My question(s) to you, what are you working on? Is it code? In an IDE or xterm? Do you have multi-color themes, like in an IDE? Or graphic design with lots of colors at once, in which a medium grey is usually standard? Working in a brightly lit, fluorescent bulb cubicle, an office with natural light, a basement with incandescent lights, or a dark room lit only by the neon/led/ccd bulbs of your case mods? These variables could effect your decision as much as anything else.

    I think the best way for you to figure it out 'scientifically' is to come up with 5-10 combinations, try them each day at work for 1-2 weeks, and record your thoughts in a journal every hour or so. "Is this comfortable to look at? How's my eye strain? Can I reliably read what I'm doing? etc." Then pick your 2 favorites and try them each for a week straight, again making notes. Then decide on one. You can find what works for you over the long hours. I'm certain that my preference is different from yours. Obviously, you'll need to pick colors with higher contrast to each other, as Lime Green text on a Lemon Yellow background would probably be a difficult setting to get much done in.

  • by Ron Bennett (14590) on Tuesday April 08, 2008 @11:16PM (#23008480) Homepage
    When determining the "ideal" text colors for a website, one needs to take into account that many people have color blindless.

    Furthermore, simply choosing contrasting colors won't work - ie. red on green is bad, red on blue is bad, etc.

    With that said, some of the color combos mentioned, such as black/white or green/black often work well - easy to read by most all people.

  • x fonts/bg I use (Score:4, Interesting)

    by Wansu (846) on Tuesday April 08, 2008 @11:22PM (#23008526)
    For xterms,

    green on black
    black on wheat
    white on navy
    cyan on black
    orange on black

    I use white on navy for emacs.
  • by ip_freely_2000 (577249) on Tuesday April 08, 2008 @11:24PM (#23008538)
    That font usually sends me into an epileptic seizure resulting in a day off work.
  • by stewartjm (608296) on Tuesday April 08, 2008 @11:58PM (#23008740)
    Yellow on Dark Blue. Especially for terminals and editors.
    • Re: (Score:3, Insightful)

      by John Bayko (632961)
      Before GUIs and the attempt to look like paper, this was pretty much universally accepted as the best colour combination. It's was used for WordPerfect, IDEs, BIOS configuration screens, custom applications, and others, and is the reason the Windows "Blue Screen of Death" is blue. Also partly why most VCR programming and setup screens are white on blue.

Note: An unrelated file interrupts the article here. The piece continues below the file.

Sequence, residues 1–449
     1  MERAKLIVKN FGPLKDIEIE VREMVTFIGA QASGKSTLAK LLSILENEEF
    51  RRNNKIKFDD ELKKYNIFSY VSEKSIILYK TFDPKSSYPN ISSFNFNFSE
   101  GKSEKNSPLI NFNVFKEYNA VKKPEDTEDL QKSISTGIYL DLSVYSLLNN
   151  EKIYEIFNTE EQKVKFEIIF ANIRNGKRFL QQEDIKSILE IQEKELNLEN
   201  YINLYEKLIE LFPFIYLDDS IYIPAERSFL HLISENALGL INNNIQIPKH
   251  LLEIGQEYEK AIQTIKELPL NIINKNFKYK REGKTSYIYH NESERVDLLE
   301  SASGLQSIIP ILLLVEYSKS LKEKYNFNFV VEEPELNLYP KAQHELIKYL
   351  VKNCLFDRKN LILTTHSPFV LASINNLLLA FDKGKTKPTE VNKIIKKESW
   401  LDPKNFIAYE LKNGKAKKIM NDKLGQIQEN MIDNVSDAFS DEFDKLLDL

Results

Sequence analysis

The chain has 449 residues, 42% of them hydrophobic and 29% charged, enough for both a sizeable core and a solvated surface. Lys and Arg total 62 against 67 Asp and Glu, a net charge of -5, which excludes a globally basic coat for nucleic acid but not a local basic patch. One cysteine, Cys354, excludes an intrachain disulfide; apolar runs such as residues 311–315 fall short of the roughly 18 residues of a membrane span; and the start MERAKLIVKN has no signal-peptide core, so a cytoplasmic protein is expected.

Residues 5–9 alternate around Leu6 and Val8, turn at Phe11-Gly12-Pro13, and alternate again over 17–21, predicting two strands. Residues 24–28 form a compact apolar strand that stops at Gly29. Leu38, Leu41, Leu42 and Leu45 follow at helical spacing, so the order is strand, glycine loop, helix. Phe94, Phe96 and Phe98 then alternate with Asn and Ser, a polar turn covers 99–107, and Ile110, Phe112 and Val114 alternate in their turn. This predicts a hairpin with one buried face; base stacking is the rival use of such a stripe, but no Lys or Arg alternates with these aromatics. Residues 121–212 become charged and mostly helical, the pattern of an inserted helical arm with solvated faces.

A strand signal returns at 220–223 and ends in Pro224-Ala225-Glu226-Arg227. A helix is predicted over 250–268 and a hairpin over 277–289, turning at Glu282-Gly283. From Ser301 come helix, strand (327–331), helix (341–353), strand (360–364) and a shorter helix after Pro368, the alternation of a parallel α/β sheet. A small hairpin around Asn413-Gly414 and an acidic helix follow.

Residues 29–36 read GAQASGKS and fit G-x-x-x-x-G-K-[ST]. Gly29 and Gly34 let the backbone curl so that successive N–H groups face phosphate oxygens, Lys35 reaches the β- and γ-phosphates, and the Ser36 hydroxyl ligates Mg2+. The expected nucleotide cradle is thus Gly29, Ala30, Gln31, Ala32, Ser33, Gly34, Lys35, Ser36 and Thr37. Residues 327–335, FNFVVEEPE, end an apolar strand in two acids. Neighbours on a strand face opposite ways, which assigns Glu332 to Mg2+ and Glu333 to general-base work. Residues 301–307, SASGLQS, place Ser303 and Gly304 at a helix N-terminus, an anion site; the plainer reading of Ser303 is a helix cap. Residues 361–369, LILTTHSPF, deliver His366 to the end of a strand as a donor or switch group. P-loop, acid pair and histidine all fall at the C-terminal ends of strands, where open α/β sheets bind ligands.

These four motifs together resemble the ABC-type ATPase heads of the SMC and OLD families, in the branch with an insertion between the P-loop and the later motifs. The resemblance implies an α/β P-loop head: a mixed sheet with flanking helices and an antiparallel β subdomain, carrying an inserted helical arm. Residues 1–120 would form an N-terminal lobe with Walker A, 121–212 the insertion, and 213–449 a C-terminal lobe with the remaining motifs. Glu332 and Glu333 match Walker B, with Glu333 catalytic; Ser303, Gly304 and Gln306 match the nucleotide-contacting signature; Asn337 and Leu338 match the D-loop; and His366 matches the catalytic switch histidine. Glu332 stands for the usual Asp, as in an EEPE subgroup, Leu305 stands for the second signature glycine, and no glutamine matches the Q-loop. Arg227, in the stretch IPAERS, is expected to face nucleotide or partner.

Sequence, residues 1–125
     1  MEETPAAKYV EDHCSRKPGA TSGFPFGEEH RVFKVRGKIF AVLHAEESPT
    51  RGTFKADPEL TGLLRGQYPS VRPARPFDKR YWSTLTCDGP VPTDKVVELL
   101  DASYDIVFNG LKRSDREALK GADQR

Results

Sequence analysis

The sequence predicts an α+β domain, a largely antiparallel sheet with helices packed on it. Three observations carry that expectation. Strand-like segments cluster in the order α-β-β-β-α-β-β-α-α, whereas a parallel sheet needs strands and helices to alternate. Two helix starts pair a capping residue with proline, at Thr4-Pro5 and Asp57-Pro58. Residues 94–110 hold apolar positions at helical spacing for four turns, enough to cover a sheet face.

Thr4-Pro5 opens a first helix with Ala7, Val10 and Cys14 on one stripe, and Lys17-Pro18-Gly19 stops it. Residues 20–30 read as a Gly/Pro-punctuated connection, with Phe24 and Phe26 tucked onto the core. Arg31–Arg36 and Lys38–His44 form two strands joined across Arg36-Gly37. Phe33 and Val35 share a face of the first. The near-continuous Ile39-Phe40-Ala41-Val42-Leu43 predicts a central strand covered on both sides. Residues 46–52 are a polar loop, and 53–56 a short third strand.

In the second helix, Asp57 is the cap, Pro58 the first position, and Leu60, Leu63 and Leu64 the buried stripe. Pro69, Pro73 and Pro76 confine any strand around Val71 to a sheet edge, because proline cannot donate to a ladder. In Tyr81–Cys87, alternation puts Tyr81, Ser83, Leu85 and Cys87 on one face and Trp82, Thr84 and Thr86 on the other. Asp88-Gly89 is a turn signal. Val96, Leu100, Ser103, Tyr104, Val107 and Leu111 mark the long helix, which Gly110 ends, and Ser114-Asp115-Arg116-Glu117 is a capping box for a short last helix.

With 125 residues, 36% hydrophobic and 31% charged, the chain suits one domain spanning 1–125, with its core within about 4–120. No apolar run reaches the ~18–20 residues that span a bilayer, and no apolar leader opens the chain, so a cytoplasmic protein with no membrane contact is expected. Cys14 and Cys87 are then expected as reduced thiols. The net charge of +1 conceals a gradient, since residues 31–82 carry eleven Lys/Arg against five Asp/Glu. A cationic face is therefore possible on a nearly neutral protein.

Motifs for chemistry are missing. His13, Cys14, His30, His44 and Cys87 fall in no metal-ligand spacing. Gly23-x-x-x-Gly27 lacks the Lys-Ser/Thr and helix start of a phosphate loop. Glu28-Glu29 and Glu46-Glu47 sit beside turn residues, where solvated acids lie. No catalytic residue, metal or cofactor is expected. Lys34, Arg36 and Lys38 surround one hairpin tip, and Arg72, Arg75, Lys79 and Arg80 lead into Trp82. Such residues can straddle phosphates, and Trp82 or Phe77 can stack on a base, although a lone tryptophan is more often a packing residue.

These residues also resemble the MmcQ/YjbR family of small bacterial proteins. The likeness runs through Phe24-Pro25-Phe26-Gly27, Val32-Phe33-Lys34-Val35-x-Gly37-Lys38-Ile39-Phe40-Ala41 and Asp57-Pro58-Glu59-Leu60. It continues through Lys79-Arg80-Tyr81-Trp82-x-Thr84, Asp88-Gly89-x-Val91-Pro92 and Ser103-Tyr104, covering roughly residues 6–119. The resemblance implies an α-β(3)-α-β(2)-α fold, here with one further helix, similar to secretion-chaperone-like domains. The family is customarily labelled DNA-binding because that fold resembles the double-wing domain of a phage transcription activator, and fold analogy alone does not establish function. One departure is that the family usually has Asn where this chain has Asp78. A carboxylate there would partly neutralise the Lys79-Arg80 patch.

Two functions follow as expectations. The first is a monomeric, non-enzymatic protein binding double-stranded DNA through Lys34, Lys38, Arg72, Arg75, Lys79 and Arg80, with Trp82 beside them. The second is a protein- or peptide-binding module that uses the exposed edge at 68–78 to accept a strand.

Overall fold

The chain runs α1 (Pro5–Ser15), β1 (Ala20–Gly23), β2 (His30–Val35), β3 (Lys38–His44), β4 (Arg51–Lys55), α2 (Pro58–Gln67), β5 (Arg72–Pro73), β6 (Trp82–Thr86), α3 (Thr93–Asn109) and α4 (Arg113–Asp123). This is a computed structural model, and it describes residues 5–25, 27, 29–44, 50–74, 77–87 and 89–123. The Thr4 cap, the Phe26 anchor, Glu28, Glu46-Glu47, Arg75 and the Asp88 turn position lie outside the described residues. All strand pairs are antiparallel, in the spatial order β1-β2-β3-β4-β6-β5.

I'm amazed that knowledge so well known at the time has so completely disappeared that it's as if it never existed. GUIs took on other colour schemes for o

  • by wrfelts (950027) on Wednesday April 09, 2008 @12:01AM (#23008760)
    After 24 years of this, the best answer is, "it depends." The common Black-on-white that is most prevalent these days stinks. The idea is to emulate paper, but with a radiating screen, that's a bad idea. Thus, e-paper. From the older interfaces, these combinations worked best:
    • - Bright yellow crisp mono spaced fonts on a dark blue background. This is great for long work hours without sucking your eyes out of the sockets.
    • - Bright white on dark blue. Same reasons. These two combinations, combined with white or yellow on black for highlights, make a good simple combination.
    • - For low-light conditions, such as an emap in a car, go with the traditional green on black or amber on black. Amber is prettier but harder to focus on quickly when glancing. Green is definately better. The current mapping systems with bright backgrounds are only good for daytime driving. The brightness of the screen causes temporary night-blindness when glancing back and forth at night.--very dangerous--
    • - For modern web and client app interfaces, good contrast without major glare is important.
    • - Bright blues are pretty, but are painful to a large percent of the population when exposed over long periods. It has something to do with the monitor focal point regarding blue light. Ask an expert on this.
    • - Use semi-bright backgrounds, but not glaring. Muted (not primary) pastels with a crisp font are good. Examples include "dusty" pinks/salmons or dusty greens, yellows, warm blue-grays serve as good majority backgrounds where whites (unless muted) should only be used for highlights.
    • - You need to make the fonts crisp and readable. Contrast the colors without causing the "spectral blur" that make it look like a "rainbow" on the edges. It may be a cool effect, but it causes eye strain.
    • - Compliment the colors with the expected environment spectrum. An office typically has cool (read cheep) fluorescent lighting and drab office colors. Use a warmer set here. For a home application, use cooler colors due to the typically warmer environment. The contrast is more appealing.
    • - Just as you contrast the colors with the environment, compliment the hue and brightness. A bright area should have a bright screen to match where a low light area should have a darker interface to reduce eye strain.